Repent, Believe and Receive
© September 2004 by Asher Intrater
It is possible to divide the general message of the Bible into three basic categories. The first level is kind of a condensed version of all the messages of the prophets of the Hebrew Bible (tenach), summarized in the word, "repent." This was the message of Yochanan (John the Baptist), who may be considered the last of the Old Testament prophets preceding the Messiah.
This message presumes that there is a coming day of judgment, where people will be rewarded for good deeds and punished for evil deeds. Therefore we must repent, that is, make a decision to change our deeds from bad to good, and ask for forgiveness, before that judgment day arrives. It is the only logical conclusion for a created being with free will, who has sinned, and must give a moral accounting to a righteous God.
The second level has to do with the good news from God, that He has sent the Messiah to offer us forgiveness, for those who have repented. It is God's gracious and logical answer to those who have asked for forgiveness. Obviously we have to believe in that good news in order to receive it (and by the same token, believe in the one who has come to offer that grace to us). So we must "believe" in the Messiah and his offer of forgiveness.
Yeshua's "gospel" or "good news" was to offer the forgiveness of sins, in addition to the message of the prophets to demand the repentance of sins. He did not "do away" with the prophets, but added the next level to it. He came to add, not to subtract. The offer of forgiveness of sins does not cancel the need for repentance of sins, but confirms it; and brings it to a positive conclusion.
Since forgiveness of sins was given on the basis of the atoning sacrifice of the Messiah, we have to believe in Yeshua's death and resurrection in order to get the benefit of the forgiveness that it entailed.
After we repent, we can be forgiven. After we have been forgiven, we can receive the indwelling of the Holy Spirit. Repentance empties us. Forgiveness cleans us. Receiving the Holy Spirit then fills us. That is the third level of the biblical message.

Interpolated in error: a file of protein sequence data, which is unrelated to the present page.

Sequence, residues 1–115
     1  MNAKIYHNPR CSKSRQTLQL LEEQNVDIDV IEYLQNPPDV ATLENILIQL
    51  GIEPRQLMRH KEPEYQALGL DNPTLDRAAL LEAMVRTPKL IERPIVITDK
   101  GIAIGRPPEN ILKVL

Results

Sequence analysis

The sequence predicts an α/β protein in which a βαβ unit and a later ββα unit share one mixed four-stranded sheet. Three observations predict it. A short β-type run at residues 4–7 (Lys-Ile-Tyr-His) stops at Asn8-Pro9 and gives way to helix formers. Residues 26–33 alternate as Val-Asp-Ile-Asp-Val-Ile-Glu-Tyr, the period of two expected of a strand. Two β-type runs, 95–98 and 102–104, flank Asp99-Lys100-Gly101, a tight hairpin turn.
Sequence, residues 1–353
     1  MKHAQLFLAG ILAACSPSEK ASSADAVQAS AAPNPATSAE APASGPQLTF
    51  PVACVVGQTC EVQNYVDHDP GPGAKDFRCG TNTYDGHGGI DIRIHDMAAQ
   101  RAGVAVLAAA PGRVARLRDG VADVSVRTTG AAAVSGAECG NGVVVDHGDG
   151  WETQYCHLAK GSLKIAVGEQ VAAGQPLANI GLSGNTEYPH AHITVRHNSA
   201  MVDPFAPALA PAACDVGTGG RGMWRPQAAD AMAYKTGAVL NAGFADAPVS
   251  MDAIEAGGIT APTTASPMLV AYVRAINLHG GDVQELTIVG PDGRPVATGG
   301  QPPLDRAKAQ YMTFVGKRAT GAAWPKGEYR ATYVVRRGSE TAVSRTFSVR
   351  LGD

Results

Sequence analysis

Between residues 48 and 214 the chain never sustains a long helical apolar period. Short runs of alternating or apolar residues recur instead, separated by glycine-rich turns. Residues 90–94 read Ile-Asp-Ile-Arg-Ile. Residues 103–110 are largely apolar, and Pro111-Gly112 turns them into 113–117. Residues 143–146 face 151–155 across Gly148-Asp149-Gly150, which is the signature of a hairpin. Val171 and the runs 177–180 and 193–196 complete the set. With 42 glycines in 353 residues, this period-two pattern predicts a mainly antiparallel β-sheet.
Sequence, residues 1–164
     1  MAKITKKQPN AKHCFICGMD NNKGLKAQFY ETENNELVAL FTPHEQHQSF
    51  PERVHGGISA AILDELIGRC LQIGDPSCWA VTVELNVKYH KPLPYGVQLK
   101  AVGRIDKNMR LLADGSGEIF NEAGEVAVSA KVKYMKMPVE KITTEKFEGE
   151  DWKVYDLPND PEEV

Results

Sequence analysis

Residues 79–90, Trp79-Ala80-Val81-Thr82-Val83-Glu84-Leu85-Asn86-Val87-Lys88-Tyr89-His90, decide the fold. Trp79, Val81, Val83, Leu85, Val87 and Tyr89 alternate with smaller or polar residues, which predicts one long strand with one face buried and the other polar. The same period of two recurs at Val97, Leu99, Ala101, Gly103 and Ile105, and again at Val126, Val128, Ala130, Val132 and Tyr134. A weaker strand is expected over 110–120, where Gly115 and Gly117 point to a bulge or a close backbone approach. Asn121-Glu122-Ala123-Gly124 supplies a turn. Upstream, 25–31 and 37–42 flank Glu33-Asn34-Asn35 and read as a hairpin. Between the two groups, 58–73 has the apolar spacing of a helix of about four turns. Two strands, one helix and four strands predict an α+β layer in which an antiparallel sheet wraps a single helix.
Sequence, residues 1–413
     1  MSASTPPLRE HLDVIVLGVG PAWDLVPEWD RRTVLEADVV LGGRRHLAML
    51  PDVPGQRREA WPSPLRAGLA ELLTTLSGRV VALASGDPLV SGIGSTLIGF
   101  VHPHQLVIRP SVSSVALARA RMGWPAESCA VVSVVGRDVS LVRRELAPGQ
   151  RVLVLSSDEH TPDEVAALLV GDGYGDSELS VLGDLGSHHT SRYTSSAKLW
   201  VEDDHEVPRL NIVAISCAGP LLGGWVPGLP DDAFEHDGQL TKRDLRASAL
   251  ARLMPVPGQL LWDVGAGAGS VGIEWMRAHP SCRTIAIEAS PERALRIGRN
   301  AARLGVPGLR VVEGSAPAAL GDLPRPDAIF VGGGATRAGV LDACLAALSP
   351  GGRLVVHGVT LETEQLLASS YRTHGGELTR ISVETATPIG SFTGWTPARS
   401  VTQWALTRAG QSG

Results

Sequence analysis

This verse from the Shavuot (Pentecost) sermon of the apostle Shimon (Peter) is a good summary of all three of the levels. We could list them as: 1. repent, 2. believe, 3. receive; or, alternatively: 1. repentance of sin, 2. faith in the Messiah, 3. indwelling of the Holy Spirit. God would like us to receive all three of these messages and apply them in our lives. However, since all three require free will to receive them, it is possible to walk in just part of them.
I will exaggerate here to make a point. There are mathematically eight possibilities as to which elements one receives. We could list them as: 1,2,3; 1,2,X; 1,X,3; X,2,3; 1,X,X; X,2,X; X,X,3; X,X,X. All of those combinations exist in real life and in biblical examples.
Can one repent without believing in Yeshua? At least partially that is true. Many of the "Old Testament" people could be considered in that category, as well as some parts of "non-evangelical" Christianity. There are systems of "moral codes" in different philosophies. The Bible even states that a human being with a moral conscience has the ability and even obligation to repent when considering the natural creation (Romans 1 and 2).
Can one believe in Yeshua without repenting? I am sorry to say, that there is a significant percentage of so-called Christians who have done just that. Their theology disassociates faith in Yeshua from moral repentance. That is a tragic flaw, and what gives much of the Muslim and Asian populations the impression that Christianity is a cover-up for immorality.
Can one believe in Yeshua and reject the offer of the filling of the Holy Spirit? One can see that phenomenon in the bitterness and persecution on behalf of some "fundamentalist" Christian circles against "charismatics." On the other hand, many charismatics proclaim their faith in Yeshua and the gifts of the Holy Spirit, while "skipping" over the part about moral repentance. Yeshua said that those who cast out demons and proclaim faith in His lordship, but do not obey His commandments, would be in danger of eternal damnation (Matthew 7:21). However, He also said that to reject the work of the Holy Spirit, even in the casting out of demons, was an unpardonable sin (Matthew 12:31).
Faith in Yeshua as the Messiah is the central message of the Bible. However, repentance of sin is the requirement of that faith, and the filling of the Holy Spirit is the result. Yeshua calls us both to repent and to be filled with His Spirit.